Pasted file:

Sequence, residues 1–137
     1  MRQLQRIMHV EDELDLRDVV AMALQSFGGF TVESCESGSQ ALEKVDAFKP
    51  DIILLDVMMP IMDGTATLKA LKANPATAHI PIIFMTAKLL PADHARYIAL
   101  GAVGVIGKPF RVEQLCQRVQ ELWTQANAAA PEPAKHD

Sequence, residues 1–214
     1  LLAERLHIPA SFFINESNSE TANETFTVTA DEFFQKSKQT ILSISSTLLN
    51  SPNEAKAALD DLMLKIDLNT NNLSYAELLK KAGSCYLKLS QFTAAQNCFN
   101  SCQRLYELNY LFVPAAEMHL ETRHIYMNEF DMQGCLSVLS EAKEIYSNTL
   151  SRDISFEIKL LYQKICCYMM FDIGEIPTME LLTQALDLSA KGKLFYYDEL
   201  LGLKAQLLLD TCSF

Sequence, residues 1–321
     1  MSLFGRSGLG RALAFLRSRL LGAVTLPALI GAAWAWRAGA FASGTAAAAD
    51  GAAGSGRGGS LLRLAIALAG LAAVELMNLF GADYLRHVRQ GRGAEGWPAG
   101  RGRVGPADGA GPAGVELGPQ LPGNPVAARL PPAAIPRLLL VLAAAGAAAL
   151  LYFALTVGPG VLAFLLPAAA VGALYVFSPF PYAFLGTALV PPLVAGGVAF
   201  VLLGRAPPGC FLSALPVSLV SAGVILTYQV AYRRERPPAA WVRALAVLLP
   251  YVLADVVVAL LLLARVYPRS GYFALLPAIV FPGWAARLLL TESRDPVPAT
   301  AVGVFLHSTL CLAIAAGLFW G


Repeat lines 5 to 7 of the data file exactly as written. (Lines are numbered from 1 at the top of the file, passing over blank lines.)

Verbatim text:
Sequence, residues 1–214
     1  LLAERLHIPA SFFINESNSE TANETFTVTA DEFFQKSKQT ILSISSTLLN
    51  SPNEAKAALD DLMLKIDLNT NNLSYAELLK KAGSCYLKLS QFTAAQNCFN